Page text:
Choosing the perfect fuel to burn in a fireplace or stove should be an easy decision, however, beginners tend to learn rather quickly that the market is filled with an abundance of choice. As a result, it can be difficult to accurately weigh up the pros and cons, particularly when it comes to firewood. Here at Pearson Fuels, we have a wealth of experience when it comes to helping clients choose the perfect fuel for their needs and in this blog, we have decided to go over a few reasons why you should invest in kiln dried logs…

Saves Time

Kiln dried logs are named as such because they are firewood logs that are dried in a piece of machinery known as a ‘kiln’. In fact, these furnaces are heated to temperatures as high as a 115°C in order to remove as much moisture from the firewood as possible and thus, improve its output when it is burned. Ultimately, this helps homeowners save time as they do not need to spend 6-12 months seasoning their firewood prior to burning it because the kiln drying process does it for them.


Since kiln dried logs are incredibly well-seasoned, they tend to have a moisture content of 20% or lower and this means that they burn incredibly efficiently. In fact, kiln dried logs are known to burn at much higher temperatures because they are so dry and this means that homeowners will receive a much more effective heat output. In addition to this, kiln dried logs also have an exceptional burn time compared to traditional firewood alternatives which is, again, attributed to their low moisture content.


Due to their impressive efficiency, kiln dried logs are an incredibly cost-effective investment for homeowners who are looking to save time whilst reaping the benefits of an efficient woodburning fire. After all, their high-heat output and long burn time means that property owners won’t have to use as many logs as they would have to with regular firewood and thus, can save money in the long run.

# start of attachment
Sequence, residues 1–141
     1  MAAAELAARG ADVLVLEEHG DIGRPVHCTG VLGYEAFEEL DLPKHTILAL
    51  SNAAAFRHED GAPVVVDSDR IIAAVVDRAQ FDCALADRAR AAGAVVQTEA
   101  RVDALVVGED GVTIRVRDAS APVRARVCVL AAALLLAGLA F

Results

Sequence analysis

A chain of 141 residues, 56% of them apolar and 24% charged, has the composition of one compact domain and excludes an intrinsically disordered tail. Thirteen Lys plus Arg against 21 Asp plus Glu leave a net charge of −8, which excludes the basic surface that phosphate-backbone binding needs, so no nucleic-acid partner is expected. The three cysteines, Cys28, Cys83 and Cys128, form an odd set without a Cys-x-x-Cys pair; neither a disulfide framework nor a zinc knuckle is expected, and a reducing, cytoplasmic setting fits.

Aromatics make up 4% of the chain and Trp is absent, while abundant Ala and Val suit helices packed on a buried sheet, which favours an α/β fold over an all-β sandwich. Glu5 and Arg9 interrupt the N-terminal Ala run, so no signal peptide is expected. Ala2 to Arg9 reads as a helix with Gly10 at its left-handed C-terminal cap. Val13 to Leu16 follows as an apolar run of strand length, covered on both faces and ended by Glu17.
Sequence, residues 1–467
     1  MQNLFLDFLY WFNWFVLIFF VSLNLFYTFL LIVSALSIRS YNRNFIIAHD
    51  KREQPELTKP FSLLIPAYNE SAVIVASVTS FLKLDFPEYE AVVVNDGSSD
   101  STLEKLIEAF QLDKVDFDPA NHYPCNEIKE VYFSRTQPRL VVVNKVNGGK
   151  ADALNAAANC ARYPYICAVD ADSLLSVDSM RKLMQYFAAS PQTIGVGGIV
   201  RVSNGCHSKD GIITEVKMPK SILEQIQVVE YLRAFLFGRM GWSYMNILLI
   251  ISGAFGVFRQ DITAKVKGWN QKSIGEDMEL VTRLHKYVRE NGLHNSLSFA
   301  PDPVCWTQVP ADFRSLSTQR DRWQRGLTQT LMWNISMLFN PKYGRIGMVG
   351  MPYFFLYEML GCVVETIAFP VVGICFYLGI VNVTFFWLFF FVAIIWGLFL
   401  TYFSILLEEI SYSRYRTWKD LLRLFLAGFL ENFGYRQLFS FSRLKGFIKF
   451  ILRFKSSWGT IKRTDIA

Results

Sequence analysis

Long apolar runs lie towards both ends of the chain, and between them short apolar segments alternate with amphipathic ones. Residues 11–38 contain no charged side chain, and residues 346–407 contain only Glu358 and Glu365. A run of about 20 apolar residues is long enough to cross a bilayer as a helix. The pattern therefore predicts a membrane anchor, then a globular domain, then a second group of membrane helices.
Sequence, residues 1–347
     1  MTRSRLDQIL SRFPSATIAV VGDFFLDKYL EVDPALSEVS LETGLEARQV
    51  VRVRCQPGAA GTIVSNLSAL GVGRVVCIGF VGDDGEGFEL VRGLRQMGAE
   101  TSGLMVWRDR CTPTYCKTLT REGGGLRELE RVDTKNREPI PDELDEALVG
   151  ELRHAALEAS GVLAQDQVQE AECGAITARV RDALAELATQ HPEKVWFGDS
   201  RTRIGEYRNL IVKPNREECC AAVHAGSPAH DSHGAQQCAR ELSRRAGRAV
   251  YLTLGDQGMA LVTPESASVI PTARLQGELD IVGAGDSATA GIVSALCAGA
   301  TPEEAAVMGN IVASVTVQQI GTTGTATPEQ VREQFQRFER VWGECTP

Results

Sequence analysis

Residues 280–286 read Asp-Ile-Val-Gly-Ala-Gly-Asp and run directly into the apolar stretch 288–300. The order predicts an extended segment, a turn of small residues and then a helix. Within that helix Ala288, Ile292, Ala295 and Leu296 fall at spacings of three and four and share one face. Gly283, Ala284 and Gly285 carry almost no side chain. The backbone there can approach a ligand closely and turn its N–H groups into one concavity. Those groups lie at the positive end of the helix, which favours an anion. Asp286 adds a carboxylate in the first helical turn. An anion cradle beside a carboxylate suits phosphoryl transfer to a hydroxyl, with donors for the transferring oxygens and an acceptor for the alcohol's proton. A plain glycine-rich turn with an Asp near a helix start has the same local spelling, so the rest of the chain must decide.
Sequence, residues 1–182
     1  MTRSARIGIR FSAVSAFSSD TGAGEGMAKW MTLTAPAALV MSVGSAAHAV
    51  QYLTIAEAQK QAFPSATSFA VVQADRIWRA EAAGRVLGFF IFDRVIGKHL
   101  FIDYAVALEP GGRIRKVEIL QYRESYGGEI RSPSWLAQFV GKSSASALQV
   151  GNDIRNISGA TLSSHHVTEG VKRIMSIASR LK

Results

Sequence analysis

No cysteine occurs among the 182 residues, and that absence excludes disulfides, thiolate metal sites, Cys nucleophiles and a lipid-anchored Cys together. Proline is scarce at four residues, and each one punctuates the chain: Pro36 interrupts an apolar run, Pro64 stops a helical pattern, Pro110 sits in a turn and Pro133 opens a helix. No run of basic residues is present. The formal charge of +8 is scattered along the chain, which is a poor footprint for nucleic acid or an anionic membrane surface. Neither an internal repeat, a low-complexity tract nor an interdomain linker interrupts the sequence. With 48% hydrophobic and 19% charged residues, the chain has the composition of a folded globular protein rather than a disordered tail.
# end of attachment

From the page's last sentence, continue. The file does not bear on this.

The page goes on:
As the best coal merchants on the market, we know how important the decision to burn coal or firewood can be. After all, both options offer a variety of pros and cons, and that is why we help every client on a case-by-case basis. After all, burning coal can help homeowners save time, however, it is no secret that firewood offers the benefit of eco-friendly burning due to its carbon-neutral qualities. To find out more information about our range of logs, get in contact with a member of the Pearson Fuels team today!

Here at Pearson Fuels, we believe that it is important to recognise the role that coal mining has played in the UK. After all, it boosted the economy considerably after the industrial revolution and was the backbone of the economy for decades following this. With the government claiming to shut down all coal mines in the UK by 2025, we have decided to go over a few interesting pieces of information about the industry…

The 18th century saw the start of deep shaft coal mining the UK, however, the industry peaked during the 20th century thanks to the industrial revolution. After all, this steel age lead to the development of trains and there were more factories than ever before in operation. All of these required one thing: coal. As a result, the economy boomed and coal quickly became the most in-demand fuel on the market.

Although it had an industrial reputation even in the late 19th century, coal was also particularly popular in residential homes for cooking and heating. After all, it has an excellent fuel efficiency which means that it can burn at incredibly hot temperatures for long periods of time. As a result, the coal mining industry developed even further as the fossil fuel started to become even more in-demand.

With this said, the closure of many mines in the 70s saw the start of the industries collapse. In fact, statistics show that the number of employed coal miners in the UK fell by staggering two million in just under a century between 1920 and 2015. This downfall is reinforced by the closure of the UK’s last deep coal mine in 2015 and the government’s aim to end coal mining completely by 2025. With this said, there is some light at the end of the tunnel as there are said to be plans to open many surface coal mines.